About Whole Genome Sequencing

At a glance

All organisms (bacteria, plant, and animal) have a unique genetic code that is composed of the nucleotide bases A, T, C, and G. Whole genome sequencing (WGS) is a technology that identifies the unique sequence of bases in an organism, also known as its DNA.

How Does Whole Genome Sequencing Work?

For scientists to preform WGS, they must first capture the genetic material (or DNA) from an organism. After collecting the DNA, it's then prepared for sequencing through a series of steps. Once sequencing is completed, scientists are able to analyze the information and identify unique DNA fingerprints. For PulseNet, the DNA from bacteria is sequenced to identify foodborne outbreaks in the United States, and abroad.

Whole Genome Sequencing Process - WGS is a laboratory procedure that determines the order of bases in the genome of an organism in one process.
Steps PulseNet scientists complete to sequence bacteria.
  • DNA Shearing: Scientists use specific materials to cut DNA into pieces that are small enough for the sequencing machine to read.
  • DNA Barcoding: Unique identifiers are added to DNA pieces in order to separate each organisms genetic code.
  • DNA Sequencing: The DNA from different bacteria are combined and put into the sequencing machine. This machine identifies the nucleotide bases that make up the DNA fingerprint of each bacteria.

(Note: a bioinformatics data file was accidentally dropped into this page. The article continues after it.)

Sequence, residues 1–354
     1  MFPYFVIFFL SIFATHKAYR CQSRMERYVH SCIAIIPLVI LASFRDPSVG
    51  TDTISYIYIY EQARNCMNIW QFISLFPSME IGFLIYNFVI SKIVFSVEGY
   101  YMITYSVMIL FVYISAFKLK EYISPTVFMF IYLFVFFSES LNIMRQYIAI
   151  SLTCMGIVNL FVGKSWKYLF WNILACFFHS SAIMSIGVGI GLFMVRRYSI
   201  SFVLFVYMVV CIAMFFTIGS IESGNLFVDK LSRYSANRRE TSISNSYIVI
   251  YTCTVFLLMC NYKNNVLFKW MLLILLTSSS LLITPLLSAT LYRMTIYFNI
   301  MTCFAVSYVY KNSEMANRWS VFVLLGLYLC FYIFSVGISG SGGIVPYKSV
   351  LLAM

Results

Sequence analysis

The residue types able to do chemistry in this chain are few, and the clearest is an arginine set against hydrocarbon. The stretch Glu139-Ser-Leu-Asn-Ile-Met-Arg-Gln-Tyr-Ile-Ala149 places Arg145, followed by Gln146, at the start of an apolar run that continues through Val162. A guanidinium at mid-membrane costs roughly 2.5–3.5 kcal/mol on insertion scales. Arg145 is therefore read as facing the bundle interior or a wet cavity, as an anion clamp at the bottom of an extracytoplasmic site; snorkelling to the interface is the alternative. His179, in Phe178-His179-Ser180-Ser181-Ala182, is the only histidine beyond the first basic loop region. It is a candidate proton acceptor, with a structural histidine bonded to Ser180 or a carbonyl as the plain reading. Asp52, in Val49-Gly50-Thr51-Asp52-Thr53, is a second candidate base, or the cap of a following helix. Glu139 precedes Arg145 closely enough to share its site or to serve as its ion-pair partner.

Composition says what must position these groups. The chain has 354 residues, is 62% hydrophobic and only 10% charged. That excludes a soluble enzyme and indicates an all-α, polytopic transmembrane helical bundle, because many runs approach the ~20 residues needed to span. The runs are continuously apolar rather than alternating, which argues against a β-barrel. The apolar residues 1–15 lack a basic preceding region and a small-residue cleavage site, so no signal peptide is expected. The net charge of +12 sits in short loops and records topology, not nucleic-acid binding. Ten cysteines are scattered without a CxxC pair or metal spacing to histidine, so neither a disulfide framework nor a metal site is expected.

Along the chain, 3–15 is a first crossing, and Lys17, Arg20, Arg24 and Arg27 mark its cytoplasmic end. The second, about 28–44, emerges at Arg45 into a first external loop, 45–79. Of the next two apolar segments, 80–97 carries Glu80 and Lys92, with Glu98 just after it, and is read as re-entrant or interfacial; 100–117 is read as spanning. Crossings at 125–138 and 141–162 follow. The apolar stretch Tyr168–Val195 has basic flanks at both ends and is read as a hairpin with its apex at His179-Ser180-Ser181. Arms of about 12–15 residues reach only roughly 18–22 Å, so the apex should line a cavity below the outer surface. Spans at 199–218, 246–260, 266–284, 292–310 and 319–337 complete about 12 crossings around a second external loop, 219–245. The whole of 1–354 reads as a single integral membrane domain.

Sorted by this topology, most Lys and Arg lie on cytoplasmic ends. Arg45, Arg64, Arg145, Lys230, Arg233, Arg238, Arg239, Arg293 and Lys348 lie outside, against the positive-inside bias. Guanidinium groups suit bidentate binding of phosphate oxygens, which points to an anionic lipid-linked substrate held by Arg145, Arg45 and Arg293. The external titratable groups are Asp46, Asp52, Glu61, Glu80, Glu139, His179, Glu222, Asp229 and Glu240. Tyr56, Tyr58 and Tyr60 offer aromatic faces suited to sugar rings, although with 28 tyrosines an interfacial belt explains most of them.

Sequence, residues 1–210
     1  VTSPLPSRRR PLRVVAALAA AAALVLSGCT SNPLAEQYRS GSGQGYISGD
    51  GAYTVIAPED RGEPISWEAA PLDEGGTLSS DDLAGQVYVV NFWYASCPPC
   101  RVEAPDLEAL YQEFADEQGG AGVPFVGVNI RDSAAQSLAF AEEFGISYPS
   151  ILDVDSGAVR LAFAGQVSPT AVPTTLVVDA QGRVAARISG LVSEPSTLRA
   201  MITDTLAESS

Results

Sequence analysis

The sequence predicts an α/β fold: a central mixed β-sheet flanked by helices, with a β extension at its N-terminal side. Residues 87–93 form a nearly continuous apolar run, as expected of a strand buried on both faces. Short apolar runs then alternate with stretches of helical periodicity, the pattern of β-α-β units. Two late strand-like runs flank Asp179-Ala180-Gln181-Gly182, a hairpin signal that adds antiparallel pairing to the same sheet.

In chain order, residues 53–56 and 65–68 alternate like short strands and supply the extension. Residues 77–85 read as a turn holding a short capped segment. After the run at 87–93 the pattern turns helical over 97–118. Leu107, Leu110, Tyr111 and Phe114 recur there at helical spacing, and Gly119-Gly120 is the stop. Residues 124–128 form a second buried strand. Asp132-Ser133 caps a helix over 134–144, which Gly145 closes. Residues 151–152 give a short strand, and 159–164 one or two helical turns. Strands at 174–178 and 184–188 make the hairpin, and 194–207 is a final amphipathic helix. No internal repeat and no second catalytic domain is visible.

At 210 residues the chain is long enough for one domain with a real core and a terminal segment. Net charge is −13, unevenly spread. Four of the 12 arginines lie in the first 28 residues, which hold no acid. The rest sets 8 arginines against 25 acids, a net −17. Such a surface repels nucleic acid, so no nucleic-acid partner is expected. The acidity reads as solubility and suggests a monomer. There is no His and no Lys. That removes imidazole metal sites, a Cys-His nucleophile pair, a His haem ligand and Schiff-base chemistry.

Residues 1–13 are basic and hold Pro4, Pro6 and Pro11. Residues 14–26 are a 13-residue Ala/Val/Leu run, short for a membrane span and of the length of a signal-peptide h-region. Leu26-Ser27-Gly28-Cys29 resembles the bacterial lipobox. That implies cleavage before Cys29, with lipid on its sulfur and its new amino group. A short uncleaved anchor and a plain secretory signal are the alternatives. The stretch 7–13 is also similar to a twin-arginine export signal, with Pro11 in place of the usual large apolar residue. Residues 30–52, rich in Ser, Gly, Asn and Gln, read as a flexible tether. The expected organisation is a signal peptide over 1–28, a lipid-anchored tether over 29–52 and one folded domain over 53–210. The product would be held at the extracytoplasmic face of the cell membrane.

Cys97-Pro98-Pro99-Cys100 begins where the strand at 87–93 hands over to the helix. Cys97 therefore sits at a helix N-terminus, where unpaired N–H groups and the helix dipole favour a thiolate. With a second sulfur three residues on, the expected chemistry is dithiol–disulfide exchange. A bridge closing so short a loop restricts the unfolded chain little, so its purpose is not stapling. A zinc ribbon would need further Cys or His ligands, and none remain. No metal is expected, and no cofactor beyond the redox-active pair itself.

• Analysis: Scientists use computer's and software tools the compare the DNA fingerprints and identify differences.

Disease Detection

PulseNet and public health scientists use WGS to to identify foodborne outbreaks, and to learn why some bacteria make people more sick or are more resistant to antibiotics than others. WGS is now the standard PulseNet method for investigating and detecting foodborne outbreaks associated with bacteria such as Shiga toxin-producing E. coli (STEC), Salmonella, Vibrio, and Listeria.

Since being launched, WGS in public health laboratories has improved surveillance for outbreaks and enhanced the ability to detect trends in foodborne infections and antimicrobial resistance. The DNA fingerprints provide precise information to identify outbreaks sooner; before PulseNet it could take up to 39 days to identify an outbreak, now, an outbreak can be identified in about 16 days.

Whole Genome Support in Laboratories

PulseNet established the structure to support WGS in public health laboratories though:

  • Training laboratory scientists to preform sequencing
  • Purchasing equipment and supplies
  • Updating data software and systems

There are currently 83 US laboratories and over 100 international laboratories on the PulseNet network. The implementation of WGS was made possible through collaborations with CDC's Advanced Molecular Detection Office, Food Safety Office, and Antimicrobial Resistance Solutions Initiative.

As the use of whole genome sequencing expands, CDC’s national surveillance systems and laboratory infrastructure must keep pace with the changing technology. With modernization, CDC and its public health partners can continue to successfully detect, respond to, and stop infectious diseases. Whole genome sequencing is a fast and affordable way to obtain detailed information about bacteria using just one test. Together, we can ensure rapid and less costly diagnoses for individuals and collect the evidence needed to quickly solve and prevent foodborne outbreaks.